aspect of your study plan.
Juniper Networks Technical Documentation
You should be intimately familiar with the Juniper Networks
technical documentation set (
http://www.juniper.net/techpubs). During the JNTCP lab exams
(JNCIP and JNCIE), these documents are provided in PDF on your PC.
Knowing the content, organizational struc-ture, and search
capabilities of these manuals is a key component for a successful
exam attempt. At the time of this writing, hard-copy versions of
the manuals are provided only for the hands-on lab exams. All
written exams delivered at Prometric testing centers are
Juniper Networks Solutions and TechnologyTo broaden and deepen
your knowledge of Juniper Networks products and their applications,
you can visit http:///www.juniper.net/techcenter. This website
contains white papers, application notes, frequently asked
questions (FAQ), and other informative documents, such as customer
profiles and independent test results.
Group StudyThe Groupstudy mailing list and website
(http://www.groupstudy.com/list/juniper.html) is dedicated to the
discussion of Juniper Networks products and technologies for the
purpose of preparing for certification testing. You can post and
receive answers to your own technical ques-tions or simply read the
questions and answers of other list members.
JNCIA Study GuideNow that you know a lot about the JNTCP, we
need to provide some more information about this text. We begin
with a look at some topics and information you should already be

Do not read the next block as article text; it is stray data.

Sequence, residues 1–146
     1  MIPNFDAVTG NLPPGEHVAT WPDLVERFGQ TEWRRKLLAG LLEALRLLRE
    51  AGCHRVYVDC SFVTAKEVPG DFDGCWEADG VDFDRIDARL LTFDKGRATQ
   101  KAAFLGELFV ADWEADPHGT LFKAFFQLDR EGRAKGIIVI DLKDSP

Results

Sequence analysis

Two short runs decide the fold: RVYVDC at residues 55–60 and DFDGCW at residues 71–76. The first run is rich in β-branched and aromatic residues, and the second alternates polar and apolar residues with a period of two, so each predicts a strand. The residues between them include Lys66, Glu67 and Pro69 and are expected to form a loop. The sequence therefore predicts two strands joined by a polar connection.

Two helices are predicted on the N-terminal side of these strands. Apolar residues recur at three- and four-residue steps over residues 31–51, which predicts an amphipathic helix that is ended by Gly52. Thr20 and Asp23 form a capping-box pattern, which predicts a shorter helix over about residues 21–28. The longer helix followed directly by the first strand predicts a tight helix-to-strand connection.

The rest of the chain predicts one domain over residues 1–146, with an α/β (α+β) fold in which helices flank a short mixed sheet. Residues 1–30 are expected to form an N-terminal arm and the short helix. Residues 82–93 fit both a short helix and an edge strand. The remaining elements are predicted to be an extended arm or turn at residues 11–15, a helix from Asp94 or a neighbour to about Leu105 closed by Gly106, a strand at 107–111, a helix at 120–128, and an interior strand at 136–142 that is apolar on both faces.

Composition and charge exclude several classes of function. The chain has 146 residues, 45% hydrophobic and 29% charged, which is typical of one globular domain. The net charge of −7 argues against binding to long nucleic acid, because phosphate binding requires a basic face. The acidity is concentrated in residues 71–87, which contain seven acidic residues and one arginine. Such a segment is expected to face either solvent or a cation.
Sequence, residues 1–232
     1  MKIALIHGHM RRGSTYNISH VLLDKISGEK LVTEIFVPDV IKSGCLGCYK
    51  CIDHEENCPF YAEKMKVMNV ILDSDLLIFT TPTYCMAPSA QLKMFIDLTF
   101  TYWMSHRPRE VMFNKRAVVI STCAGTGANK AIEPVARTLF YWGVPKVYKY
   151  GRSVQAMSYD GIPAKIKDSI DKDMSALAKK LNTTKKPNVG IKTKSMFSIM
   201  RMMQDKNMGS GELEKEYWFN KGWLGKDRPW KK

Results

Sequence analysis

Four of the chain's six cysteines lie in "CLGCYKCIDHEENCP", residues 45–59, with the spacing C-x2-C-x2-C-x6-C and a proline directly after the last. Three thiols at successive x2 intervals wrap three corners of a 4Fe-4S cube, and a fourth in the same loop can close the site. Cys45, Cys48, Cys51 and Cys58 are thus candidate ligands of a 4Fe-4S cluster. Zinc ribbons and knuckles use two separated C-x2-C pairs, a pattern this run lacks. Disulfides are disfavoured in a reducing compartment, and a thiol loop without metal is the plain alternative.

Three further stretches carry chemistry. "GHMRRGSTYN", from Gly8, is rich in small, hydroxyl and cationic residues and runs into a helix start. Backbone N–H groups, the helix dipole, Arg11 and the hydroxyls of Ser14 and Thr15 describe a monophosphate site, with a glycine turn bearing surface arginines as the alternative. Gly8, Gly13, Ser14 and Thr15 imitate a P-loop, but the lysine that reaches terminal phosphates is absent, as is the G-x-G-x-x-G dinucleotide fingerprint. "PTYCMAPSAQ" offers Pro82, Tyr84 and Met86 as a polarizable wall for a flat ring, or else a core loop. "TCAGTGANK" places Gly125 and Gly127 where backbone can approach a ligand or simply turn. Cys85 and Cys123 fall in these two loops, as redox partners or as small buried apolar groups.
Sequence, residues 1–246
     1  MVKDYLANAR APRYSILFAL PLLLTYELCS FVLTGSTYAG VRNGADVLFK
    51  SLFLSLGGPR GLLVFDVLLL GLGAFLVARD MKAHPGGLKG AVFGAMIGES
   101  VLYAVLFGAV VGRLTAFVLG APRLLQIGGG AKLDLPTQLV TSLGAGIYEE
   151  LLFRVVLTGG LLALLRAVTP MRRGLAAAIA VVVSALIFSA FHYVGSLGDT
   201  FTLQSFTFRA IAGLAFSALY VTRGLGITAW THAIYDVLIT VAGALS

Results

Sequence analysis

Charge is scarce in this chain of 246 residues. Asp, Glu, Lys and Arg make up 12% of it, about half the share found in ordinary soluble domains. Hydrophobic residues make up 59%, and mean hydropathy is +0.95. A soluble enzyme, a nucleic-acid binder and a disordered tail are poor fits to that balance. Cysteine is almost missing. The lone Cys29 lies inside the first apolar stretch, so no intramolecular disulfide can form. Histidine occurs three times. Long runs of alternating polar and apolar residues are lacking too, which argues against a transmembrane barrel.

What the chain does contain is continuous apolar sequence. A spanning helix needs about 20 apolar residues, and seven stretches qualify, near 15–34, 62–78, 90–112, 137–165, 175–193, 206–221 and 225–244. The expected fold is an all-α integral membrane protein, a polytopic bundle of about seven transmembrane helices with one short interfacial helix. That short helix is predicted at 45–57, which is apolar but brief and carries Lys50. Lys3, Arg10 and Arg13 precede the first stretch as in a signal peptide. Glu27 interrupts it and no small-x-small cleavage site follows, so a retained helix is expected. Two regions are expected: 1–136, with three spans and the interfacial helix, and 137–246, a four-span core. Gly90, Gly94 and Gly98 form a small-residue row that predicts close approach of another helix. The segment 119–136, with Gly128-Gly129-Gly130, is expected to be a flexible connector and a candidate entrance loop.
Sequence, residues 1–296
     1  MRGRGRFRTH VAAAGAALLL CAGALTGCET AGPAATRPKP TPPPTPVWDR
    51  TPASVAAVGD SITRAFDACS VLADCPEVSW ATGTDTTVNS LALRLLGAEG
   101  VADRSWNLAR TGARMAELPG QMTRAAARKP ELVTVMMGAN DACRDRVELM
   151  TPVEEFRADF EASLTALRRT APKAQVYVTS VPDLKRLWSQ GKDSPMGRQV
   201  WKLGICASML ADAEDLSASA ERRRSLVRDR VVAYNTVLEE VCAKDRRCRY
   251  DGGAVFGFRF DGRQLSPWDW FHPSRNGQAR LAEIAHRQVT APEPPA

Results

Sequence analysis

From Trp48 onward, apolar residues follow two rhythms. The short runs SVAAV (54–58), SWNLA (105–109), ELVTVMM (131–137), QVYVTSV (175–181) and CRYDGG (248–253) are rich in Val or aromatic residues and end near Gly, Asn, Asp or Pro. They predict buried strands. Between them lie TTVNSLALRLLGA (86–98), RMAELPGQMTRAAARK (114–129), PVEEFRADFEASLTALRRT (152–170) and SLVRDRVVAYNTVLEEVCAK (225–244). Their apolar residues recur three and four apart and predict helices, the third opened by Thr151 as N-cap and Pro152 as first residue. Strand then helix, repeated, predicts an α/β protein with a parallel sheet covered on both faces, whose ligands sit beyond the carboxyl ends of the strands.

familiar with and then examine what topics are in the book.
Finally, we discuss how to utilize this resource and the
What You Should Know Before StartingIf you are familiar with
networking books, you might be a little surprised by the starting
topic in Chapter 1. It is not the Open Systems Interconnection
(OSI) model common to books in our industry, but instead the
software that operates the router. In the following chapters, we
dive headfirst into the details of running a network using the
JUNOS software. This philosophy of knowing the basics is quite
ingrained in the Juniper Networks Education courseware and
cer-tification exams, so we follow that assumption.
Tips for Taking Your Exam
Many questions on the exam have answer choices that at first
glance look identical. Remember to read through all the choices
carefully because “close” doesn’t cut it. Although there is never
any intent on the part of Juniper Networks to trick you, some
questions require you to think carefully before answering. Also,
never forget that the right answer is the best answer. In some
cases, you may feel that more than one appropriate answer is
presented, but the best answer is the correct answer.
Here are some general tips for exam success:
� Arrive early at the exam center, so you can relax and review
your study materials.
� Read the questions carefully. Don’t just jump to conclusions.
Make sure that you’re clear about exactly what each question
� Don’t leave any questions unanswered. They count against
� When answering multiple-choice questions that you’re not sure
about, use a process of elimination to eliminate the obviously
incorrect answers first. Doing this greatly improves your odds if
you need to make an educated guess.
� Mark questions that you’re not sure about. If you have time at
the end, you can review those marked questions to see if the
correct answer “jumps out” at you.
After you complete the exam, you’ll get immediate, online
notification of your pass or fail sta-tus, a printed Examination
Score Report that indicates your pass or fail status, and your exam
results by section. (The test administrator will give you the
printed score report.) Test scores are automatically forwarded to
Juniper Networks within five working days after you take the test,
so you don’t need to send your score to them.
This means that you should be knowledgeable and conversant in
the following topics:
OSI Model The OSI model defines seven different OSI
layers—Physical, Data Link, Network, Transport, Session,
Presentation, and Application. This model allows vendors and